I recently cut back our mutuelle with AXA to hospitalisation only but on reflection do not think that this was neccessarily a good idea.
I realise that this has been discussed elsewhere and that you generally get what you pay for but the choice is bewildering. The comparative sites for ‘seniors’ offer numerous choices.
Do you just stick a pin in? Does anyone have any experience of ‘Aesio’ for example?
I would appreciate personal experiences and not just a suggestion to contact Fabien. I have total respect for him but am trying to educate myself.
But why not? Since MY personal experience is with @fabien and that experience has been excellent and the mutuelle product we’ve arranged with him is significantly cheaper and as good a level of cover than the product we had from our local high street broker.
This area is a minefield - that is why it is so important to take on board any advice from a professional like @fabien who will guide you through the various clauses and the impact each will have on you according to your circumstances.
Others have differing needs and whilst their experience might be helpful their policy may well have been tailored to their needs, not yours which is why it is so important to get appropriate advice.
Hi, the main problem is that the offers “on paper” are NOT the reflection of what you’ll experience “in real life”. For example, AXA offers a very good level of customer service and has impeccable data processing speed and digital backend. Other insurers may have more shiny websites or commercial offers the first year or whatever but at the end of the end what matters is ease of use. Apart from that the percentages mean the same thing but if you want a general rule I would advise for the following:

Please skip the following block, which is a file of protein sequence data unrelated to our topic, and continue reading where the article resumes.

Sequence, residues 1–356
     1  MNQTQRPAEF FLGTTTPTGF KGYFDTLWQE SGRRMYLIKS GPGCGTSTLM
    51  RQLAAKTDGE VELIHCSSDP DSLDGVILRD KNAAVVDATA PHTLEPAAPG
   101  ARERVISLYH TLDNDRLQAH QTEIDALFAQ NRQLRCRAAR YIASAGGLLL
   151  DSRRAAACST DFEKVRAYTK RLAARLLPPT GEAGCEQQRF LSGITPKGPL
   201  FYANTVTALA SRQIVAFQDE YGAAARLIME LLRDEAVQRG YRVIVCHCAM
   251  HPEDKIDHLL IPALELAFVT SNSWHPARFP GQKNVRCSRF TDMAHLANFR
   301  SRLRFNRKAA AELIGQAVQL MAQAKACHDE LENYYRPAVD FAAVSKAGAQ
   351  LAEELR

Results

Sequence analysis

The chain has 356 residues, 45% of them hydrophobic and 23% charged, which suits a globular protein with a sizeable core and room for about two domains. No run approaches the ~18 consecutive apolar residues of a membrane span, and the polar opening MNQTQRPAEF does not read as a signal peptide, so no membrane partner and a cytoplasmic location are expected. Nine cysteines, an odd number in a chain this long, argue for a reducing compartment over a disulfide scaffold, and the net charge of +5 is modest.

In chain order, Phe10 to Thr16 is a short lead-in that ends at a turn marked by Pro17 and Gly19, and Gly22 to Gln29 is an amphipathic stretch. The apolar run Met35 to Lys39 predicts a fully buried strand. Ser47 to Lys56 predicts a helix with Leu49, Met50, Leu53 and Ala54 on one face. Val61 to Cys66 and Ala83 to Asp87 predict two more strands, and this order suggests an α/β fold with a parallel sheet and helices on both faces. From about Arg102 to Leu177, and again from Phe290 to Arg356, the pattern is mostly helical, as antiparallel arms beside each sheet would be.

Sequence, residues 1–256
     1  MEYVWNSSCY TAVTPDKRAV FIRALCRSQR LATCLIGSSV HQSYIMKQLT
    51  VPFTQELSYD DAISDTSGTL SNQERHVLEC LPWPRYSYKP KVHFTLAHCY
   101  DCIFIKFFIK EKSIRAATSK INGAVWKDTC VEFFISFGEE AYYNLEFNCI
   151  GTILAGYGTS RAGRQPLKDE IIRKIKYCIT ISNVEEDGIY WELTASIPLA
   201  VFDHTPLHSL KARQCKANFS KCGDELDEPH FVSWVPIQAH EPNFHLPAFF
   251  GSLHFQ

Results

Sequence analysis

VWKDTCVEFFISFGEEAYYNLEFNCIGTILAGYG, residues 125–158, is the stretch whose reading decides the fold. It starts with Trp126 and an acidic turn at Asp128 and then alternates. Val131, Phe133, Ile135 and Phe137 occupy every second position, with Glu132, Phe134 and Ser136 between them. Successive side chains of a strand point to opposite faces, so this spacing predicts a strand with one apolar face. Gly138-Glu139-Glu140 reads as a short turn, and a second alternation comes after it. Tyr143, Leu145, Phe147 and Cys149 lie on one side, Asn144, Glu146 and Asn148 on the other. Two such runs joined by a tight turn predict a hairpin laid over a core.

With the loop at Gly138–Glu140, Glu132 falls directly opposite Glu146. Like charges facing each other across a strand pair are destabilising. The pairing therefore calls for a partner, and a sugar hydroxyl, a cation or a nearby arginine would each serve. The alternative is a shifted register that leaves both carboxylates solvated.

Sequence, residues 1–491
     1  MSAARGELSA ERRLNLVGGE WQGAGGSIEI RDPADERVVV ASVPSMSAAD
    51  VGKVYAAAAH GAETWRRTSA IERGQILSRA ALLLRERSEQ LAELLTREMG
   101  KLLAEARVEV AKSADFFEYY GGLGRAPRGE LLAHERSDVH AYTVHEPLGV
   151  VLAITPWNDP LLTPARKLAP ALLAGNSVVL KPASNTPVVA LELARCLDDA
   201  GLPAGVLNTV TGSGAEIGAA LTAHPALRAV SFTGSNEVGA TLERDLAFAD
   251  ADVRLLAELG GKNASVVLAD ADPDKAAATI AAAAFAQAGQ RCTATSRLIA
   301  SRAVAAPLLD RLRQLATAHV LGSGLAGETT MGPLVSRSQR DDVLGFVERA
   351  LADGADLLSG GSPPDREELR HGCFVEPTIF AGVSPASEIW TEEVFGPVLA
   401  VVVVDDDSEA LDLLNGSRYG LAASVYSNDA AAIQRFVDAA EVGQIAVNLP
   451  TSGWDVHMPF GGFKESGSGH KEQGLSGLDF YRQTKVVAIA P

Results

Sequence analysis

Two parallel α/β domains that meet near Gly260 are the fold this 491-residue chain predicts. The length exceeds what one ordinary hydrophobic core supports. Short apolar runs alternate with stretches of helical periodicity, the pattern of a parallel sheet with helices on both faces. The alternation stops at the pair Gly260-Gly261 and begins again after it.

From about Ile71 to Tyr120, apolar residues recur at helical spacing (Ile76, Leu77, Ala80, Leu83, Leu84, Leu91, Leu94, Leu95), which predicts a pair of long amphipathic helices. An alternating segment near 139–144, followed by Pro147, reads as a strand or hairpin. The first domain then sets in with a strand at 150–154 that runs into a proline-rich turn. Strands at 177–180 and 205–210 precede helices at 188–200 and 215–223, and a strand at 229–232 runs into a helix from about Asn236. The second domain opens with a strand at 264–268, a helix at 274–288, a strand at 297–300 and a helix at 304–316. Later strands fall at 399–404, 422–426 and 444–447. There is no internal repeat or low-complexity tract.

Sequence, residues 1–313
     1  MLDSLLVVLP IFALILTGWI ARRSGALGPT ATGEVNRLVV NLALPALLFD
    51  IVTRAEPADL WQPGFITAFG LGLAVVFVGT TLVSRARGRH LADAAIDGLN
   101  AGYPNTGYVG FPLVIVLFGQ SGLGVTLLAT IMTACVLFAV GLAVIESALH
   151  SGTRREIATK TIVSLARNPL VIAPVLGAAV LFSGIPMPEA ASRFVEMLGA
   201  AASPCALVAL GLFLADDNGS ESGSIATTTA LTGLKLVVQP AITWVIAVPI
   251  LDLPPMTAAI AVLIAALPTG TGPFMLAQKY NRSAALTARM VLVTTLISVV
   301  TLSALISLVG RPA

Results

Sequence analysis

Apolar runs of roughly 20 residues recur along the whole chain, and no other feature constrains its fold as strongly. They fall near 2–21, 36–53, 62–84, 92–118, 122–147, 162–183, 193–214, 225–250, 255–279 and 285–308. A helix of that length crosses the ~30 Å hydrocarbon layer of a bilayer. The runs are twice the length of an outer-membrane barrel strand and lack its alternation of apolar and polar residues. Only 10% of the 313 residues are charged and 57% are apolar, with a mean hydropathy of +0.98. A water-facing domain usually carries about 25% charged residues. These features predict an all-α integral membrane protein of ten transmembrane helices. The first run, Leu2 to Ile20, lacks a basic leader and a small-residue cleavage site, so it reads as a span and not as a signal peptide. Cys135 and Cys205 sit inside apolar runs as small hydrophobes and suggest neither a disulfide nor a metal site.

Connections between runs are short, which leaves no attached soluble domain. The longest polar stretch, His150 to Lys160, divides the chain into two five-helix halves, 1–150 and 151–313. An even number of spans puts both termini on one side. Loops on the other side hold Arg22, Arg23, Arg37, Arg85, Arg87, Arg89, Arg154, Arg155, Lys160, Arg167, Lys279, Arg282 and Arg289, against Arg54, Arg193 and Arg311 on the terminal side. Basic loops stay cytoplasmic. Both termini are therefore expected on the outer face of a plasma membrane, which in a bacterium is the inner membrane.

Try to get at least 300% on hospitalisation
GPs are usually covered even with 100%
Specialists often require more than 100% to be fully covered but 150% kinda cuts it although 200% would be ideal
100% on pharmacy means up to the real expenses
Glasses offers a “flat rate” so it’s pretty straightforward to understand
On dental this is a mess and that’s the hardest to explain. You usually work from a dentist’s quote and will always have an option they call the “sans reste à charge” or “100% santé” which is fully cover if you have a 100% mutuelle (or more). If you decide to go for another plan then sky is the limit and even 300% is usually not enough.
On another side note, the “good companies” usually aren’t available online as they don’t want to be on comparaison website. AXA isn’t for example, Swisslife isn’t either but so many more aren’t (mutuelle de poitier, ociane, etc.). The choice is actually quite simple => the “big brand” are very often a good pick (in terms of customer service) otherwise they wouldn’t be standing (especially in France where we complain a lot ) so AXA and the like. Sure they aren’t the cheapest but then it comes back to the business you feel more comfortable going with and giving away your hard earned money
Thank you Fabien for your instructive input which is always appreciated and respected although I was not expecting your advice given the phrasing of my question. It does however justify my predicament.
I was simply trying to garner as much information as I could independently to make a decision which best catered to our needs as there are a multitude of offers.
As per usual when I ask anything on here I am ‘told’ what to do as if I have not done that already. That, as Fabien pointed out, proves nothing which is why I was hoping to get some first hand recommendations. Nonetheless thank you for your advice and I shall continue my exploration which will no doubt inevitably mean that I contact Fabien.